Sri Lanka fought back on Day 2 in Pallekele as Roshen Silva’s 85 helped the hosts beyond England’s first innings total. Patrick Noone analyses how he went about his knock.
Roshen Silva has enjoyed a fine start to his Test career. A duck in his first innings against India in December was followed up by four consecutive 50+ scores, including his maiden century against Bangladesh in Chittagong. After then struggling in the West Indies and at home to South Africa, Silva lost his place in the side for the first Test of this series in Galle. However, his performance on his return to the side, in place of Sri Lanka’s injured skipper Dinesh Chandimal, suggested that he is a talent worth investing in.
There were fears that Sri Lanka, so comprehensively beaten in Galle, would struggle even more in Pallekele. Shorn of the retired Rangana Herath and the injured Chandimal, not just the captain but one of the best batsmen in the team, how could the hosts compete? The answer of course was that they needed others to step up. Malinda Pushpakumara did so on Day 1 with the ball, while on Day 2, it was Roshen Silva’s turn to do so with the bat. The two replacements have taken their opportunities and between them, helped Sri Lanka to a more than competitive position at the halfway stage of the match.
It was not all plain-sailing for Silva today, coming to the crease just after lunch and with his side in a spot of bother on 146-5. In that first hour after the interval, England’s spinners were finding more than 7° of turn on average, more than at any other time of the day. It was in the midsts of Adil Rashid’s second spell – by far his most potent – when nearly every ball looked like taking a wicket, ball after ball gripping and turning past the outside edge of the right-handers’ bat. By the time Rashid’s spell came to an end, Silva had faced 52 balls; seven of them were edged, nine of them were missed. A ripping googly that struck him on the pad was adjudged not out with his front foot marginally outside the line of off-stump.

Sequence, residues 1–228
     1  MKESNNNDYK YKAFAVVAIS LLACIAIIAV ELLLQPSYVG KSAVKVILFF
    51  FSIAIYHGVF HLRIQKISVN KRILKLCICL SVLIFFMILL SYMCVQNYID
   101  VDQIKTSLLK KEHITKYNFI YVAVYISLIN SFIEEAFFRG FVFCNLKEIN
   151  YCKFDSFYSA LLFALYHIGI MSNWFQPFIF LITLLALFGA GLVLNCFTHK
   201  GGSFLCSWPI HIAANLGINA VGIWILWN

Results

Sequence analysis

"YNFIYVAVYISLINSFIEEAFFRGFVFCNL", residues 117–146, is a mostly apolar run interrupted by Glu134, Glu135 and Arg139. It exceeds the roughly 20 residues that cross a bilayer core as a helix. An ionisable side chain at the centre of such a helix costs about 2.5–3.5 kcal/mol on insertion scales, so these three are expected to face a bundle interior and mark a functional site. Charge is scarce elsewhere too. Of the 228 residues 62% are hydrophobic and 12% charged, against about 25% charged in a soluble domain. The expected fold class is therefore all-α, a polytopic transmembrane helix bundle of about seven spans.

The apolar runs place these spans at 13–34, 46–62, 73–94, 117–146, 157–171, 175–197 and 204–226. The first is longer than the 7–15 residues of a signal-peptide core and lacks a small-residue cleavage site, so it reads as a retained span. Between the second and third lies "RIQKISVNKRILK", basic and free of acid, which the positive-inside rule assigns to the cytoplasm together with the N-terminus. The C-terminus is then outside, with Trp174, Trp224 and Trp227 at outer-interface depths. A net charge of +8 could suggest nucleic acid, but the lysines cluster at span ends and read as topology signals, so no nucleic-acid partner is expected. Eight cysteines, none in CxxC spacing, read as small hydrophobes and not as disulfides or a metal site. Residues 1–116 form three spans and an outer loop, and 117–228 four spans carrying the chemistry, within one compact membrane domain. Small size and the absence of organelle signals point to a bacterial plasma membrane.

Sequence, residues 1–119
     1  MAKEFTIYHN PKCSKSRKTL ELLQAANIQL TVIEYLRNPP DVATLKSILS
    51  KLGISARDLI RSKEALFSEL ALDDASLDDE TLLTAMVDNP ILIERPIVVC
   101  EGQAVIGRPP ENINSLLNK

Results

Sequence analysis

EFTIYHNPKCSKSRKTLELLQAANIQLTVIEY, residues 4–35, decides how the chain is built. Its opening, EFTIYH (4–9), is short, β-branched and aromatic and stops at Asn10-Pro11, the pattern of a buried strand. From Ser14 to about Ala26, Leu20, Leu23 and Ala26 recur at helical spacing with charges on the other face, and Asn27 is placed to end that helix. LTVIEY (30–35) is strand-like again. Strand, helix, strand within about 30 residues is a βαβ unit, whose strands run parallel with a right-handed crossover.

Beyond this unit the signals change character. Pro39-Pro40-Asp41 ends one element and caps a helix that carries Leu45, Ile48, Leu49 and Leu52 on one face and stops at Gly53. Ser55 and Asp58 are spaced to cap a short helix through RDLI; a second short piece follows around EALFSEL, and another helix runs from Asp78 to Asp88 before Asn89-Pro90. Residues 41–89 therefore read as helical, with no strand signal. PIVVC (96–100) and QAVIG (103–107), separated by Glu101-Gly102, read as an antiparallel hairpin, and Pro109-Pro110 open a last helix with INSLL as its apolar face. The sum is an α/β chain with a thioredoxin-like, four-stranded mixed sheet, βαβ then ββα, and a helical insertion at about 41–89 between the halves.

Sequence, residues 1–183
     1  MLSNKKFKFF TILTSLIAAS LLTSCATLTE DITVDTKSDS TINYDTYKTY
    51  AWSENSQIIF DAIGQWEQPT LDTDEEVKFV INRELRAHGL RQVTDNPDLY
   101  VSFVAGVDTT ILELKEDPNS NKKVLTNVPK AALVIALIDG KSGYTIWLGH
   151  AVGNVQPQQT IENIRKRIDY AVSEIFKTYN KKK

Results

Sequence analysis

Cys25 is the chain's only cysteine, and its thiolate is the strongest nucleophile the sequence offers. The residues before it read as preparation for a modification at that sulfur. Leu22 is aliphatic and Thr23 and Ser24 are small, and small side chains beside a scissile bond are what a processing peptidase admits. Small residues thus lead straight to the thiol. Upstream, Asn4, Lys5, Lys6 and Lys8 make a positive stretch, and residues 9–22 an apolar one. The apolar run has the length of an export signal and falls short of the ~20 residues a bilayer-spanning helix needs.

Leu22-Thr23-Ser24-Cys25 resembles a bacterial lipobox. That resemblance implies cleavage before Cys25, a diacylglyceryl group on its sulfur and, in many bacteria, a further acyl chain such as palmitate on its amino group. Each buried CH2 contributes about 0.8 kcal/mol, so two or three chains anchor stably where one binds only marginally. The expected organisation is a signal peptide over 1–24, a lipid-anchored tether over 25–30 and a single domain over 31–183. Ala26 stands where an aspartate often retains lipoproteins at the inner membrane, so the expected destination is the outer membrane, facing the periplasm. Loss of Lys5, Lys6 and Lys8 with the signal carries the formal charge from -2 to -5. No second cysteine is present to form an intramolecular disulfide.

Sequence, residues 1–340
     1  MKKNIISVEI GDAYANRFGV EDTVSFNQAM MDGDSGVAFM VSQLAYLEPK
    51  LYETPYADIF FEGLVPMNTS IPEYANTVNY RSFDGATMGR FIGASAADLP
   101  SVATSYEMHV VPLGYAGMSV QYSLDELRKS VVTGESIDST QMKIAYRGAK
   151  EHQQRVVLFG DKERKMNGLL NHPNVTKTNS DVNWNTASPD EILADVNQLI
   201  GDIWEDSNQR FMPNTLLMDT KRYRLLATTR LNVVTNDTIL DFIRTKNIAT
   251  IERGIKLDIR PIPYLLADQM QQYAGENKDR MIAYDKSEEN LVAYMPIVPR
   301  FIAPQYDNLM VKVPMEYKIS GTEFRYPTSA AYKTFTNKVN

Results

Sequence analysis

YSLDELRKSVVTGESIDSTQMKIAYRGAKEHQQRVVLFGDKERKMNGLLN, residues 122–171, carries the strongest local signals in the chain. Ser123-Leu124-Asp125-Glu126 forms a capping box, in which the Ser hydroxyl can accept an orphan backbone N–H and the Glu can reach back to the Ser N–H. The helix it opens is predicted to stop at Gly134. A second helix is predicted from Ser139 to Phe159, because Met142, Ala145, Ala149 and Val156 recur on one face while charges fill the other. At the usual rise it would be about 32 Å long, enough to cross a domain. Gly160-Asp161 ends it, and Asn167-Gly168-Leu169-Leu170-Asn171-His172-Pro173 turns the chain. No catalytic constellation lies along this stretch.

But he survived.
Somehow, Silva kept his head and allowed neither the state of the pitch nor the quality of the bowling to put him off his game. He did not let the numerous times the ball spun past his bat to affect his judgement of the next ball; every delivery was played on its merits.
The pitch quietened down, relatively speaking, with England finding 5.7° of turn in the final session. Once he had settled into his innings, Silva was calm and judicious about which balls to attack and which to defend. Four of the five boundaries he struck were pitched within 40cm of each other and all were on a line on or just outside his off-stump.
Silva would finish with a false shot percentage of 22%, higher than every other player to face 50 balls or more in the match so far. Yet, as things stand, he has the highest score of the match and his innings was the primary reason Sri Lanka were able to claim a first innings lead that looked improbable when he came to the crease.
This series is developing a theme of players grabbing chances given to them in fortuitous circumstances. From Jonny Bairstow’s injury sustained while playing football allowing Ben Foakes to come in and make a debut century, to Alastair Cook’s retirement keeping the door open for Keaton Jennings to stake another claim to be England’s long-term opener with a hundred of his own. Now, Chandimal’s injury in Galle has provided a third example, with Silva now surely undroppable even if the captain returns for the third Test in Colombo.
Though Silva ultimately holed out off Rashid in search of quick runs while batting with the tail, it was a battle the batsman could consider won. It required guts, skill and mental fortitude to negotiate the early part of Silva’s innings; all qualities that Sri Lanka have been accused of lacking in recent years. If this innings is anything to go by, they certainly have at least one player exempt from such accusations.
Patrick Noone is an analyst at CricViz.